Cruise Lifestyle: How to ditch the kids on your cruise

Cruise holidays have a reputation for being a family-friendly, value-for-money vacation option for young families and this market is where the cruise industry derives a lot of its revenue each year. However, for many cruisers, especially older couples, a cruise ship filled with noisy children is a nightmare scenario.

But, there are ways for everyone to get along and stay out of each other’s way aboard the same ship, while you can also choose to sail at times of year when there are likely to be fewer kids on-board, or aboard a cruise line that actively markets itself to a family-free crowd.

According to Cruise Lines International Association, almost a third of cruisers bring their children along with them, meaning that more than 1.6-million passengers under the age of 18 will take to the seas this year.

Most of the major mass market cruise lines from Carnival Cruises, Royal Caribbean, Norwegian Cruise Line, Disney Cruise Line to Princess Cruises, P&O Cruises, Costa Cruises, Celebrity Cruises, MSC and even Cunard, actively try to win over these young family cruisers in some way with special packages and deals for children, as well as children’s areas on-board, on-site baby sitting, children’s entertainers and more.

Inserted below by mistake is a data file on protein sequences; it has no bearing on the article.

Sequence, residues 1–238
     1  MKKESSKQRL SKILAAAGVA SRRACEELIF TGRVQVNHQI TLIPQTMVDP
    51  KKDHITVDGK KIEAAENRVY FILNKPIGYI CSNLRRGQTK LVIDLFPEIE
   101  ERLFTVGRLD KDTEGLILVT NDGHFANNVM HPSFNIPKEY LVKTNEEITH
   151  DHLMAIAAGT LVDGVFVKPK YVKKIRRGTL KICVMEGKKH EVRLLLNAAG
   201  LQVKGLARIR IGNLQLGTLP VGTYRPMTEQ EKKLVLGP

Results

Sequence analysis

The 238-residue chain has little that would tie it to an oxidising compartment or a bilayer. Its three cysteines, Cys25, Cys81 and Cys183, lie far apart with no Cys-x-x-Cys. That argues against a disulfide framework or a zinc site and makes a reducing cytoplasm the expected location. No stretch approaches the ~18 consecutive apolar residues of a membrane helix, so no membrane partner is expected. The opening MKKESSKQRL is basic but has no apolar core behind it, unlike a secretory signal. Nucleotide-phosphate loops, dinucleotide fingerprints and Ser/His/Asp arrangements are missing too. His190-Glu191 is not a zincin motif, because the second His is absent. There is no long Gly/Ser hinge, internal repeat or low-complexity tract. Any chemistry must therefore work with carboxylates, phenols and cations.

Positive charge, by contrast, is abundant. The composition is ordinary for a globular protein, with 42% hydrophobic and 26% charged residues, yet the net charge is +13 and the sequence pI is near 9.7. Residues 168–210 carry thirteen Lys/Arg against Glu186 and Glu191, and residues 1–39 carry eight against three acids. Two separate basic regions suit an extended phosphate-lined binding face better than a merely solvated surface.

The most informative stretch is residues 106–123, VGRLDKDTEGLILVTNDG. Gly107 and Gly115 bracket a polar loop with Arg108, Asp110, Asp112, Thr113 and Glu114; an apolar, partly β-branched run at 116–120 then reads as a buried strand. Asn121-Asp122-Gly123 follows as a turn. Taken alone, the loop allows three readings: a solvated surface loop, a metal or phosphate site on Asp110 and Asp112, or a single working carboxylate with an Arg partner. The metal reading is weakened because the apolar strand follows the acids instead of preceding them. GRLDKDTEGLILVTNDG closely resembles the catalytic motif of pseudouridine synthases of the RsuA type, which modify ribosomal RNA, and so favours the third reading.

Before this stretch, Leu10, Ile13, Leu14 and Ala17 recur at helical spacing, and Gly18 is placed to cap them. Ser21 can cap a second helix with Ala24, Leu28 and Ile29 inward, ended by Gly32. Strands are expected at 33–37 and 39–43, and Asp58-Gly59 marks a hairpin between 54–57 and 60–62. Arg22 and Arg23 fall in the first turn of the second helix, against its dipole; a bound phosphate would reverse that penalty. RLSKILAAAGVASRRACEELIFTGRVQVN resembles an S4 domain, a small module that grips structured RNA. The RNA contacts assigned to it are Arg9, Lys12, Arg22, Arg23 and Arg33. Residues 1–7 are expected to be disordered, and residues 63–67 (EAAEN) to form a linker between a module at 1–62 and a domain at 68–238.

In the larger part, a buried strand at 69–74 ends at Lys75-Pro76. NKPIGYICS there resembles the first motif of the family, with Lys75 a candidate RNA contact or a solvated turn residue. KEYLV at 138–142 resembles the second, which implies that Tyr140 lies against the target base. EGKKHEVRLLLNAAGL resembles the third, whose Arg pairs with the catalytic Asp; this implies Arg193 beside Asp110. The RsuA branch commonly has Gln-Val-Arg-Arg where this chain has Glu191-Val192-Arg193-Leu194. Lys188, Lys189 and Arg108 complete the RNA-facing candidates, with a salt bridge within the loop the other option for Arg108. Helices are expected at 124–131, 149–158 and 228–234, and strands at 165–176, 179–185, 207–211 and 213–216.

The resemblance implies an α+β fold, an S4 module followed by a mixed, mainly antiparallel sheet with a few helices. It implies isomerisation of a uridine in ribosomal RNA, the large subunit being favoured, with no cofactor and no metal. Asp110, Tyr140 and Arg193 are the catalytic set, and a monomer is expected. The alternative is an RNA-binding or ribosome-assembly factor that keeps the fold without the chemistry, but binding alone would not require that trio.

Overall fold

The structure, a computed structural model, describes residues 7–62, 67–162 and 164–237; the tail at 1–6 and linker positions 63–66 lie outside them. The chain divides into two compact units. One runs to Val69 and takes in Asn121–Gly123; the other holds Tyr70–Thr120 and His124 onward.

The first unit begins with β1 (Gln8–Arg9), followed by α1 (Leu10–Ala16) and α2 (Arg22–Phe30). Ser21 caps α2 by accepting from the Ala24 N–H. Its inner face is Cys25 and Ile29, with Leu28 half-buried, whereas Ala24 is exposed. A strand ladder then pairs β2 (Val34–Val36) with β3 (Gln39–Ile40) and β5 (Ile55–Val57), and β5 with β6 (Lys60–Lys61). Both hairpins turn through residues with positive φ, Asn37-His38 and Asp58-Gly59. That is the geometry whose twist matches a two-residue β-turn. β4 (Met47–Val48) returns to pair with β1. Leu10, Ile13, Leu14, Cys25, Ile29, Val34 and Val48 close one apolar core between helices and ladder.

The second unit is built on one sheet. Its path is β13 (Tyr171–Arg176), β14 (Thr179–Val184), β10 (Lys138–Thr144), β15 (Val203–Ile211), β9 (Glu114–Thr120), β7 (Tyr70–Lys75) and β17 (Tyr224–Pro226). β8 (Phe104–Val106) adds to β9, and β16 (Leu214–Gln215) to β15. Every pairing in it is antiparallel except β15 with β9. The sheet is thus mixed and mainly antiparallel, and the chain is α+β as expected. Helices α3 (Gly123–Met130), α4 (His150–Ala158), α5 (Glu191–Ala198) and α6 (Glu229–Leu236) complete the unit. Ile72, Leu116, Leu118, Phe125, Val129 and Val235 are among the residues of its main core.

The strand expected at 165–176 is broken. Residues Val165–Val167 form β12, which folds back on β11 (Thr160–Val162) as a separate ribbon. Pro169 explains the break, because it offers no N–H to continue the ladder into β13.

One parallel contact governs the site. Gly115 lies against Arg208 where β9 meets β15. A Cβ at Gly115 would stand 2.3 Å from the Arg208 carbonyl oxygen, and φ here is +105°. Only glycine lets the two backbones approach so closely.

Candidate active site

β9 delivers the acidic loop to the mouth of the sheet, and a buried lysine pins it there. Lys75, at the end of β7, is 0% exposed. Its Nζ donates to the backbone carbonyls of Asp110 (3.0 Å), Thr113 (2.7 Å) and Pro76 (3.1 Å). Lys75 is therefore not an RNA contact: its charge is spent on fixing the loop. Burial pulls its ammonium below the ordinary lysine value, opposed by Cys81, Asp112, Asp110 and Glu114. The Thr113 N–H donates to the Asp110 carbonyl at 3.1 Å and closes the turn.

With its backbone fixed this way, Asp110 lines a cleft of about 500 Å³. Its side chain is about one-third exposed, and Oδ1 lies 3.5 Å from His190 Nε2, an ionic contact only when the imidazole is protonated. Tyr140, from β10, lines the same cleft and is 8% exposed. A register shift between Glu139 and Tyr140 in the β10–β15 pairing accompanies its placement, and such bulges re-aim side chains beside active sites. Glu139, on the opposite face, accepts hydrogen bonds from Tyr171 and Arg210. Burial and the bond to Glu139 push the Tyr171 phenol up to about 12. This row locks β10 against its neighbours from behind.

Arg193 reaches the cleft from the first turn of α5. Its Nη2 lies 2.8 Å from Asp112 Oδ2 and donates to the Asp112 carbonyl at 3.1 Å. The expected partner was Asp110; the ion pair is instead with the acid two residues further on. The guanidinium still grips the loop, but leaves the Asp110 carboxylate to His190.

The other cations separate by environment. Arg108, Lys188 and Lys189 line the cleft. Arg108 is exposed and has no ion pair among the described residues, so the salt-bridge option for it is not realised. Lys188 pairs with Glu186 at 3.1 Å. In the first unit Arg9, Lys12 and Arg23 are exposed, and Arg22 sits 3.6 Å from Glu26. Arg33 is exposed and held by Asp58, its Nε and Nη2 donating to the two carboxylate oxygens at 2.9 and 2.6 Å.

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Most of these cruise lines also offer ‘adult’s only’ areas, though, which are often free of charge and provide a respite from the over-exuberance of youth.

Even Disney Cruise Line, perhaps the most family-friendly cruise line of all, dedicated significant real estate on-board to meeting the needs of its adult passengers, but has historically struggled to shake its perception as a cruise line only for kids.

Seeking to fill this gap in the market, cruise lines such as P&O have ‘adults only’ ships in its fleet (Arcadia, Adonia and Oriana), while Saga Cruises, another British brand, will only sell tickets to passengers older than 50.

So to start with, pick the right cruise line

The cruise industry’s three dominant cruise lines (Carnival Cruises, Royal Caribbean and Norwegian Cruise Line) occupy the positions they do because they’ve corner the ‘something for everyone’ market and operate gargantuan ships with diverse activities for kids as well as quite retreats for adults.

Aboard the cruise ships of these cruise lines there are photo ops with Disney characters, rock-climbing walls, ice-skating rinks and more to attract families, but also spas, relaxation pools, romantic dining venues and more for the cruising couple.

Luxury cruise lines are an option for high-end travellers that want to avoid children because the leading luxury lines (Seabourn, Regent, Silversea and SeaDream) tend to offer little to nothing in the way of children’s entertainment.